What is Physically Active Learning (PAL)?
Learning whilst taking part in a physical activity is claimed to increase academic performances in primary aged children. Physically Active Learning (PAL) is a campaign pioneered by the National Centre for Sport and Exercise Medicine (NCSEM) at Loughborough University to increase children's fitness while improving their academic results. Improvements to engagement, behaviour and concentration on tasks have also been found and the university is currently undertaking a year-long study to examine the effects of PAL within the classroom.
How is PAL used?
The PAL website offers ways that teachers can implement movement integration (MI) into their schools. There are various options where classes do not need to leave the room and cover subjects such as maths and literacy. An example asks children to make the shape of a capital letter or make an exclamation mark by jumping followed by a punch. While the Tagtiv8 game is a more vigorous form of exercise, allowing children to play a version of tag rugby whilst solving maths problems.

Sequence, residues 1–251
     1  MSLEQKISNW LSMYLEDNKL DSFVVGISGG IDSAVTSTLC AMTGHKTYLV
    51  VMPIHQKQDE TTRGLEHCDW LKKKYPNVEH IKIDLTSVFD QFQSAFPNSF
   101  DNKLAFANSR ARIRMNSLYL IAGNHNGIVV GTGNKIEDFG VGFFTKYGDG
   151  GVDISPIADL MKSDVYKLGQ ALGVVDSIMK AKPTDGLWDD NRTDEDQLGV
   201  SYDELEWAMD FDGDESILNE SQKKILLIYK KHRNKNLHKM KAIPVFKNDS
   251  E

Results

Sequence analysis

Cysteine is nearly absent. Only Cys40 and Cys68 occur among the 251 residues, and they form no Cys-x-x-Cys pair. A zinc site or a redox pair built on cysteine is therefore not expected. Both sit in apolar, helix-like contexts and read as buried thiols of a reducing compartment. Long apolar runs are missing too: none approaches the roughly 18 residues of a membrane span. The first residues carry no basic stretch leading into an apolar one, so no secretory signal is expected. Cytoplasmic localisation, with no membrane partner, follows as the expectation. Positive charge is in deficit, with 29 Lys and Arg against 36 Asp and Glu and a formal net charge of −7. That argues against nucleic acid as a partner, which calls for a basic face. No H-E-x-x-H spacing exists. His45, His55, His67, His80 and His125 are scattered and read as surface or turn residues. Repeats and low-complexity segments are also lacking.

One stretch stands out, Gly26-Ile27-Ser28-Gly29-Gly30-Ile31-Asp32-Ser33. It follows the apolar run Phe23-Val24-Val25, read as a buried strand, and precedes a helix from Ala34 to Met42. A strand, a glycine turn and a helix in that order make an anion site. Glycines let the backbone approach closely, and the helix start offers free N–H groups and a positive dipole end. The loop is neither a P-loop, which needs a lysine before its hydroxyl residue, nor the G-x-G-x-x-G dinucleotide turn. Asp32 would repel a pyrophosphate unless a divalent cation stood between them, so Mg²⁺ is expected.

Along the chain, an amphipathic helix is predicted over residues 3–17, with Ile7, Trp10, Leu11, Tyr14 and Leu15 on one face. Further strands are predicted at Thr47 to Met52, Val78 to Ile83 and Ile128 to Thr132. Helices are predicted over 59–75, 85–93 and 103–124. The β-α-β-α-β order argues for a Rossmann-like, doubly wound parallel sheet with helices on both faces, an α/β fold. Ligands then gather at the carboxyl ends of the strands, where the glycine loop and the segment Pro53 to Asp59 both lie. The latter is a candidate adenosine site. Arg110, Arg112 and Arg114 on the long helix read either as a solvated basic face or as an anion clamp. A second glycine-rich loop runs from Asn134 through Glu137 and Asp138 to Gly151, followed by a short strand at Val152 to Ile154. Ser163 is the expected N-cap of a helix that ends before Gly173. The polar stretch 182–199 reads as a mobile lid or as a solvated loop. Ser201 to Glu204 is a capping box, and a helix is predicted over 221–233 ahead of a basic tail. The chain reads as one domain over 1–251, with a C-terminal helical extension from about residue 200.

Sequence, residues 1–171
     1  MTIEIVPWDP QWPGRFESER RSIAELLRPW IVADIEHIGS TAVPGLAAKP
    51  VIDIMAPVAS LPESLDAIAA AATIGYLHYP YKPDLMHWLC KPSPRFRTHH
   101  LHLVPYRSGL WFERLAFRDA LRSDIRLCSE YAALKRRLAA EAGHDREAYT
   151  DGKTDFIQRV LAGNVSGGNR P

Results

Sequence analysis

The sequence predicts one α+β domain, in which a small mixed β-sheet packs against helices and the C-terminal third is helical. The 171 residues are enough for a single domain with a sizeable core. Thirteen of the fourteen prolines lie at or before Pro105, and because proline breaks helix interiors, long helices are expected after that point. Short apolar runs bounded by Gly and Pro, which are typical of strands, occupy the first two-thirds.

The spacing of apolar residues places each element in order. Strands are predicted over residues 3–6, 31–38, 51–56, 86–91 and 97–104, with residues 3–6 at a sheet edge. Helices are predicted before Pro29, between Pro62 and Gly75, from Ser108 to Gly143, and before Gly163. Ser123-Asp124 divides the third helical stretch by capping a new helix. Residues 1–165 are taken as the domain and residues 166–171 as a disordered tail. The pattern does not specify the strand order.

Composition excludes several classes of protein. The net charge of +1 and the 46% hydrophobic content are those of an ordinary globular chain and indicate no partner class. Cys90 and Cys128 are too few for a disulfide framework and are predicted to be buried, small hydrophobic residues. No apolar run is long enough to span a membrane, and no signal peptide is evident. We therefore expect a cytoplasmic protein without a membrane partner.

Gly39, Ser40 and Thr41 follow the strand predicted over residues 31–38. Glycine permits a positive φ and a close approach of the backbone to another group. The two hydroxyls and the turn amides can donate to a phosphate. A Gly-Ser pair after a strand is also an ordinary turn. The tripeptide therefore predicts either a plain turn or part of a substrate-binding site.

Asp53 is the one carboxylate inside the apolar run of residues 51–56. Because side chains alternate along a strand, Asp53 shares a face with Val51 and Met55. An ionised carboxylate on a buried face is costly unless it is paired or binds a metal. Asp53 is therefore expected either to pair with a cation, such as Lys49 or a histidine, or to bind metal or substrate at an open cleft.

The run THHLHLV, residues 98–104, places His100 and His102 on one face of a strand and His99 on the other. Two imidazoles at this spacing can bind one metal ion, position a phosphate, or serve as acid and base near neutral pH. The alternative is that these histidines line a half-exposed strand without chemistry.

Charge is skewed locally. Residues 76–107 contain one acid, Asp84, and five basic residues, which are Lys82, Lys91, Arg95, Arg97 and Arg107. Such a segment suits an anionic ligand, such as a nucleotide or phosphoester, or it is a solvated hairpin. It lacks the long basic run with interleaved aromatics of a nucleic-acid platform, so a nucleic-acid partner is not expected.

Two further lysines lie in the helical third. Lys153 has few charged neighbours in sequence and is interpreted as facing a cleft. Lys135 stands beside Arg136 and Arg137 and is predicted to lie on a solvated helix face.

If future programmes of activity-based learned are employed in schools, teachers and senior leaders should consider how they:
- Support staff who are using PAL in areas such as time management
- Identify training to help staff implement PAL and build their confidence
- Ensure a whole school approach towards the programme is adhered to.
Find out more
The official PAL website offers information, guidance and many classroom and playground based exercises that can be used by teaching staff. Tagtiv8 is a version of tag rugby that includes problem-solving with maths and English. Information on the yearlong study can be found on the NCSEM website.
You can read our literature review on recent research below.
First published 13 July 2018